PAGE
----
Can Institutional Deliveries Reduce Newborn Mortality? Evidence from Rwanda

47 Pages Posted: 27 Jun 2016

See all articles by A.V. Chari

A.V. Chari

University of Sussex - School of Business, Management and Economics

Edward N. Okeke

RAND Corporation

Date Written: December 18, 2014

Abstract

Current global health policies emphasize institutional deliveries as a pathway to achieving reductions in newborn mortality in developing countries. There is however remarkably little evidence regarding a causal relationship between institutional deliveries and newborn mortality. In this paper we take advantage of a shock to institutional deliveries provided by the randomized rollout of a government performance-based financing (PBF) program in Rwanda, to provide the first estimates of this causal effect. Using a combination of difference-in-differences and regression discontinuity approaches, we find that program-induced increases in the rate of institutional delivery have not been successful in reducing the rate of newborn mortality. The findings suggest that attempts to increase institutional deliveries without addressing supply-side constraints are unlikely to result in the large reductions in mortality that policy makers expect.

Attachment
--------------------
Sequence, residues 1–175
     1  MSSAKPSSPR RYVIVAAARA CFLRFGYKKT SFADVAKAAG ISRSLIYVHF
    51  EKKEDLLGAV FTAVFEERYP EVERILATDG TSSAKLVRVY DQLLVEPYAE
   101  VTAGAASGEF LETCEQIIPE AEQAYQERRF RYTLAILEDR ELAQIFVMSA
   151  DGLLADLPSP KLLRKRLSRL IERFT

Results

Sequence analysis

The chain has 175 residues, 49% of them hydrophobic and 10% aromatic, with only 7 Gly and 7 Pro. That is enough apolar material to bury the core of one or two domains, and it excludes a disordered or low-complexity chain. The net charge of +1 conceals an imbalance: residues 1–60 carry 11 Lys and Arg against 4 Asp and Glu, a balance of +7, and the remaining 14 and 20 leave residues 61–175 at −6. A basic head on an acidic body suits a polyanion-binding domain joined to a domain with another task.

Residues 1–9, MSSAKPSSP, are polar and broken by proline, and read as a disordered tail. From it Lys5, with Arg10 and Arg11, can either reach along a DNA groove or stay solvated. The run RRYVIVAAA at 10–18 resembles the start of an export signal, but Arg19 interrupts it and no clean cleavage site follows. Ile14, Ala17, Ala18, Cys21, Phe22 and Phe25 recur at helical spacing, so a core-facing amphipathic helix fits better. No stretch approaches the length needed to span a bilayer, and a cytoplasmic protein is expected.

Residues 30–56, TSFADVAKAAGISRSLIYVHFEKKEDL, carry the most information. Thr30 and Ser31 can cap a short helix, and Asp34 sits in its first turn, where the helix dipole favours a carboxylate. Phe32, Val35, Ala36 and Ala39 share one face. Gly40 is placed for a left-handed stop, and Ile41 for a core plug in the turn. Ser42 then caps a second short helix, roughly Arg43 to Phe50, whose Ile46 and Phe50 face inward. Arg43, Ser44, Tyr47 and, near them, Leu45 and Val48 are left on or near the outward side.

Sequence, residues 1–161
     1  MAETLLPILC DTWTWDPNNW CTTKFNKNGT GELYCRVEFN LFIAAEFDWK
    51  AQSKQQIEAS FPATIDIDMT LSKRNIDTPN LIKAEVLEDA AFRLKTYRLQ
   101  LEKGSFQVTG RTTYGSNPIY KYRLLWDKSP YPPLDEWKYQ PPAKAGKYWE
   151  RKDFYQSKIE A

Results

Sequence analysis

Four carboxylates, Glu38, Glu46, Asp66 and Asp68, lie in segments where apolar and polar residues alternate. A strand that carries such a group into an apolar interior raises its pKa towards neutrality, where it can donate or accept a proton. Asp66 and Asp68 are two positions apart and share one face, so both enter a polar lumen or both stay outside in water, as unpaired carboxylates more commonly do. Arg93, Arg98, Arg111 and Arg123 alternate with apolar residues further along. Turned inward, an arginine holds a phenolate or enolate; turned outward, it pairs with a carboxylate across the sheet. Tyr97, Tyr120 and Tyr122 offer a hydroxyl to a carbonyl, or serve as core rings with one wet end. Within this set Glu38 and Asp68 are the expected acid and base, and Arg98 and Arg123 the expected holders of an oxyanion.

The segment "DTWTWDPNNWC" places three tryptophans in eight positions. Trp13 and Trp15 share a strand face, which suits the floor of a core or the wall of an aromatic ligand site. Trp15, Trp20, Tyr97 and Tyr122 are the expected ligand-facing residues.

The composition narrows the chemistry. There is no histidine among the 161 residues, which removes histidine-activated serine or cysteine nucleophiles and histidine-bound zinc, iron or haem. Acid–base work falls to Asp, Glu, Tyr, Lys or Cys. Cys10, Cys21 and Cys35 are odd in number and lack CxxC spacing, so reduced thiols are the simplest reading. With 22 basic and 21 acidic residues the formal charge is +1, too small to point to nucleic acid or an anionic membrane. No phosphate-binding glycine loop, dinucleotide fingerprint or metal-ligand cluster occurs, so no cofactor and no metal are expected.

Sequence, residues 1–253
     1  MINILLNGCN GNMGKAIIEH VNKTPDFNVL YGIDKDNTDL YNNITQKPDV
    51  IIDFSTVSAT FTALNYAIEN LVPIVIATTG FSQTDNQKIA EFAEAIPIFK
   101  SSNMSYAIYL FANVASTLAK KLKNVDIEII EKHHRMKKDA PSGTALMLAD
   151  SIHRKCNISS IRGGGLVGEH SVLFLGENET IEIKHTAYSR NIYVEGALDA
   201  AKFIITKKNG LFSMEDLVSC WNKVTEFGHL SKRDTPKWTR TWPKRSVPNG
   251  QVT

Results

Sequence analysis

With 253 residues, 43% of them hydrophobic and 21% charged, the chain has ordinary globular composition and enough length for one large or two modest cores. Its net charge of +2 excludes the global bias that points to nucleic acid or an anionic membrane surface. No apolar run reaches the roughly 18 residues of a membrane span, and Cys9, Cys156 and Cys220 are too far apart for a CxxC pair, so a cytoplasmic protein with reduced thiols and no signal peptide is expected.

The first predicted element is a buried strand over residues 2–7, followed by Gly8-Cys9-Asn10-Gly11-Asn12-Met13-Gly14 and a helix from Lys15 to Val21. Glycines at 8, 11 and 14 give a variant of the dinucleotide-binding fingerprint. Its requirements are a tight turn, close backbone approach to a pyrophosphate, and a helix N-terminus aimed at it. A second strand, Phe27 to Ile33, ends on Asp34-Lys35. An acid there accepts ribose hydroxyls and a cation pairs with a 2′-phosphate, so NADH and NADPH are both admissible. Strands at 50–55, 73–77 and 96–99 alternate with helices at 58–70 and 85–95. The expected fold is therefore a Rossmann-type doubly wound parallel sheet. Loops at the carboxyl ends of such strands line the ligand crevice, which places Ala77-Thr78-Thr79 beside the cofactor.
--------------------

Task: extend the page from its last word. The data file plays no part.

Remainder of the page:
Keywords: health production, infant mortality, institutional births

JEL Classification: C93, D01, D03, I12

Suggested Citation

Chari, Amalavoyal and Okeke, Edward N., Can Institutional Deliveries Reduce Newborn Mortality? Evidence from Rwanda (December 18, 2014). RAND Working Paper Series WR- 1072. Available at SSRN: https://ssrn.com/abstract=2800311 or http://dx.doi.org/10.2139/ssrn.2800311

Amalavoyal Chari (Contact Author)

University of Sussex - School of Business, Management and Economics ( email )

Falmer, Brighton BN1 9SL
United Kingdom

Edward N. Okeke

RAND Corporation ( email )

1776 Main Street
P.O. Box 2138
Santa Monica, CA 90407-2138
United States

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